Pipes from Freezing

Winter is bad enough without worrying about your pipes freezing and bursting. But that can happen when you don't prepare your pipes.

The deep freezing temperatures of winter can freeze the water within pipes. When this happens, pressure can build up as more water is called and blocked, and the ice expands.

Eventually, the pipe will burst, causing a massive flooding issue in your house. The good news is this fate is easily avoided. Keep reading to discover how to keep your pipes from freezing next winter.

Keep Your Heat On

If you plan on going for a vacation this winter, either for the holidays or just somewhere warm for a bit, leave your heat on. This will give the pipes less chance to freeze while you are gone.

Heating a home no one occupies may seem like a waste, but that is the point. With no one in the house, no one can run the hot water or adjust the thermostat to keep the house comfortable for the occupants.

Instead, the pipes will be dormant with no heat flowing through them. This will lead to your pipes freezing and a major flooding issue for you to contend with when you return.

Instead, set your thermostat at a reasonable temperature; above 50 degrees is a good place. While leaving your heat on is a good idea, you don't need to heat it as if you were home. 

Exposed and At-Risk Pipe

Before winter arrives, it would be a good idea to assess your home (interior and exterior) to determine if there are any at-risk pipes. If you find any exposed pipe that may be at risk for freezing and is easily accessible, you can apply heating tape or pipe insulation.

Heating Tape

With heating tape, you can protect short, exposed pieces of pipe. The heating tape actually applies heat directly to the pipe.

There are two types of heating tape, automatic and manual. Automatic heating tape with shut off and on as heat is needed. Manual heating tape requires plugging in and unplugging a chord when turning the tape on or off.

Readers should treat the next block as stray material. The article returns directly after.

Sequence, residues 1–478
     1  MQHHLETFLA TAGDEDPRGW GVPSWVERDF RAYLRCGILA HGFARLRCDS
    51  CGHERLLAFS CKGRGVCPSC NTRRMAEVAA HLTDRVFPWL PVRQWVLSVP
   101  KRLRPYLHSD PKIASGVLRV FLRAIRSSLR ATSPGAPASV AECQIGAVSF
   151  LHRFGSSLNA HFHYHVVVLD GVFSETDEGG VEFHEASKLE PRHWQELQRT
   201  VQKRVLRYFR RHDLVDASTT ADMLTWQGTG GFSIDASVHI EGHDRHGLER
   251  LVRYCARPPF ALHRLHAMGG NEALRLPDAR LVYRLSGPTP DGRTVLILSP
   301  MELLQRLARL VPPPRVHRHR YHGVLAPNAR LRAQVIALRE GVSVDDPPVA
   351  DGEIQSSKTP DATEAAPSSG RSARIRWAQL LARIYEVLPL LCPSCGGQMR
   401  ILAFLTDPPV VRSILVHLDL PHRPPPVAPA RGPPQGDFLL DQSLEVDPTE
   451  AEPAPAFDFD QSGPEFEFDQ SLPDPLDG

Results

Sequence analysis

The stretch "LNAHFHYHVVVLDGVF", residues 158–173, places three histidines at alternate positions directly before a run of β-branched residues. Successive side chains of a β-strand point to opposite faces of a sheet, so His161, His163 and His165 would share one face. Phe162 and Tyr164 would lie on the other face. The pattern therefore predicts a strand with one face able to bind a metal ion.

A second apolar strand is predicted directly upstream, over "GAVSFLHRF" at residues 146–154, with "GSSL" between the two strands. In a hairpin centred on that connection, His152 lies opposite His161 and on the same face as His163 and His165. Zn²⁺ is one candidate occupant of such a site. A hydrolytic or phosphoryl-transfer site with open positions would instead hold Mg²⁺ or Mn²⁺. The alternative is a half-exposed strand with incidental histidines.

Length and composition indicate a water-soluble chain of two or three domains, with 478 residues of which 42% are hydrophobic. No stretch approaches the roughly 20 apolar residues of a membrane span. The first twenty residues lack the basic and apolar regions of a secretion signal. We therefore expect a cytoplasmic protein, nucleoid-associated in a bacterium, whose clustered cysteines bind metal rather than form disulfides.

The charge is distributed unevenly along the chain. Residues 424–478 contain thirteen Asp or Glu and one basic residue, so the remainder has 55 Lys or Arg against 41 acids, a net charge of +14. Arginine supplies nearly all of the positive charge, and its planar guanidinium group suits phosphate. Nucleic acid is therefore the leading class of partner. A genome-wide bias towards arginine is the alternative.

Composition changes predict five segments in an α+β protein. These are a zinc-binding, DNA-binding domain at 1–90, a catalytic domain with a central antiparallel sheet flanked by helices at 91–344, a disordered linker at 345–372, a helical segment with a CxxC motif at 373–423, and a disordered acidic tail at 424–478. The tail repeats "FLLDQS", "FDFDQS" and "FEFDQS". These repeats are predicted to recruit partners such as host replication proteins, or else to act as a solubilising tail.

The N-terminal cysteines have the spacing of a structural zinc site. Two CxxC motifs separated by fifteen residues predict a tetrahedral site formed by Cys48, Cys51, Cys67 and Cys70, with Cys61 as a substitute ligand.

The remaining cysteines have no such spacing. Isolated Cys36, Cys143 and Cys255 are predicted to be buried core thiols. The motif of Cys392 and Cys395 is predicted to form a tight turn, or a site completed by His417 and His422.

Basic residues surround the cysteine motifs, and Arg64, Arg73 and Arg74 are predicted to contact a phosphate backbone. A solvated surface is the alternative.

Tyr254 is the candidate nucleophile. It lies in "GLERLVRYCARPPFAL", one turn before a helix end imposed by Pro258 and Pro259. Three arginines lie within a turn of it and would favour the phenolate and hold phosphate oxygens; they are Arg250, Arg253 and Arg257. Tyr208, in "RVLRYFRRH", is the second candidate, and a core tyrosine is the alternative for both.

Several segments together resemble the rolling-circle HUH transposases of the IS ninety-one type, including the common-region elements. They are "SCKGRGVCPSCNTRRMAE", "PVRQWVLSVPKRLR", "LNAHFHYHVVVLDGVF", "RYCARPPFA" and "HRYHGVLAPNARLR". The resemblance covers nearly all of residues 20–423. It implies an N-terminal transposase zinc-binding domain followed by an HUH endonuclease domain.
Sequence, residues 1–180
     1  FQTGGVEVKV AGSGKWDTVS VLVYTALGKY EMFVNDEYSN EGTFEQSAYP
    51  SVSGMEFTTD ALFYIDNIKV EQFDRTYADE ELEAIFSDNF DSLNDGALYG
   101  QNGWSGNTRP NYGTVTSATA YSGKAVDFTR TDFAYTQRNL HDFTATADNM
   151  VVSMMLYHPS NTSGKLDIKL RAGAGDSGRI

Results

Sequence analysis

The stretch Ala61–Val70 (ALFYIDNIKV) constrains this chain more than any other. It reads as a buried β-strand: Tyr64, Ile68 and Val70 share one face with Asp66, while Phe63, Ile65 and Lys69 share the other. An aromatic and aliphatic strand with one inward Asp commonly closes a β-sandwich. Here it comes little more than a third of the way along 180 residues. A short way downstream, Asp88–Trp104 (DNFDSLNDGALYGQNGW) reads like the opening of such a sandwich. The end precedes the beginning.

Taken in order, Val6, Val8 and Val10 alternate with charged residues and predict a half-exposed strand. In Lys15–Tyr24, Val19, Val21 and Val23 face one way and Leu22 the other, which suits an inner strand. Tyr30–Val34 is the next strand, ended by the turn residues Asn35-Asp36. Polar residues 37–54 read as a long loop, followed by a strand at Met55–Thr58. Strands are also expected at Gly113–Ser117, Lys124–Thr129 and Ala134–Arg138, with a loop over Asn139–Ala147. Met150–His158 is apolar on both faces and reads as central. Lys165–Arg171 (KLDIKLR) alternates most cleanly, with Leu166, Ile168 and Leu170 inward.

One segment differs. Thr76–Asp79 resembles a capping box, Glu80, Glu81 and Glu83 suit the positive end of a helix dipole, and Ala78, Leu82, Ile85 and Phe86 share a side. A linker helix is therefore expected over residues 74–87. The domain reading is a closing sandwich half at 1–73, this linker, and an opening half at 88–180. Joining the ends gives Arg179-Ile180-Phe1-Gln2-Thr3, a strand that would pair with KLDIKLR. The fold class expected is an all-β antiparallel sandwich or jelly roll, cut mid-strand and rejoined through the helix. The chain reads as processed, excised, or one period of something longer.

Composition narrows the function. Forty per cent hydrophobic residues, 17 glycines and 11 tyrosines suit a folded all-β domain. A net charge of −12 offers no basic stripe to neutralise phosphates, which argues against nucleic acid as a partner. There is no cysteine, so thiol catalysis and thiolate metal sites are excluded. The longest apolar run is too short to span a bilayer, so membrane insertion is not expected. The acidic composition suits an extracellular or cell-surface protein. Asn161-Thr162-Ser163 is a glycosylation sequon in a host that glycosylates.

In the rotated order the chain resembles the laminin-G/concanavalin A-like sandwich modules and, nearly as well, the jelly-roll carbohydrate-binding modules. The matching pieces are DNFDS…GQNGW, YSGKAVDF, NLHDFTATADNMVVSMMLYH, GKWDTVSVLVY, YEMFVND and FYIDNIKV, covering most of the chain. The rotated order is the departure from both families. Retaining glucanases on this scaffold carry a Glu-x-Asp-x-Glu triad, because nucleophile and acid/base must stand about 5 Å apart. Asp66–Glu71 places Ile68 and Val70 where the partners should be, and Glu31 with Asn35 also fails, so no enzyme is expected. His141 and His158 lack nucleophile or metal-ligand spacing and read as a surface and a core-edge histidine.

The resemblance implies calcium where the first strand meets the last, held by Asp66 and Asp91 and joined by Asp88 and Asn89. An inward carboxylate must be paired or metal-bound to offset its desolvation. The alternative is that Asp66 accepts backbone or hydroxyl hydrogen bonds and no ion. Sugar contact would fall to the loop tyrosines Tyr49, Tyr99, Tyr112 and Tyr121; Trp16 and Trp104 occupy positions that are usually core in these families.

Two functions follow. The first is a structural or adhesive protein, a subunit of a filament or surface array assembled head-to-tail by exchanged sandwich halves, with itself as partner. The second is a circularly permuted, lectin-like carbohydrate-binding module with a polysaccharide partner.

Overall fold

Much like an electric heater, though, this equipment should be used cautiously, and all manufacturer directions and recommendations should be followed at all times. 


When it comes to protecting your pipes from freezing during sudden temperature drops or while you're away, not much can beat pipe insulation.

Basements and attics are places to look out for where pipes might need extra insulation. Pipes are particularly vulnerable if not appropriately insulated.

Pipes can be outfitted with foam rubber or fiberglass sleeves to help prevent freezing and bursting. While this is the most cost-effective option, it can get expensive. If an installer is required to get under floorboards and into ceilings, the price can climb quickly.

Keep Water Running

If a faucet is served by exposed pipes, let the water drip. While you may think absolutely not, you'll change your tune when you realize why.

Letting water drip from a faucet can protect pipes in several ways. One of the openings of the faucet relieves pressure buildup within the pipe. This can help prevent the pipe from bursting.

Secondly, the pipes will have a constant flow of water through them. Moving water is less likely to freeze (or at least will take longer) than stagnant water. This can save you countless dollars on vacation should your pipes freeze.

Protecting Your Pipes

There's nothing worse than dealing with a flood in the middle of the winter because a frozen pipe burst. Luckily, there are easy ways to prevent this unfortunate circumstance from happening.

Things like extra insulation, leaving the heat on while away on vacation, and leaving the faucet served by exposed pipes dripping can help keep your pipes from freezing and bursting.

Be sure to identify all the at-risk areas of the pipe and treat those first. Remember, though, that the more complex the pipe is to reach, the more it will cost to protect it from freezing, especially if you are trying to apply extra insulation or heating tape.

Regardless, taking care of your pipes is much more affordable than fixing them after they break.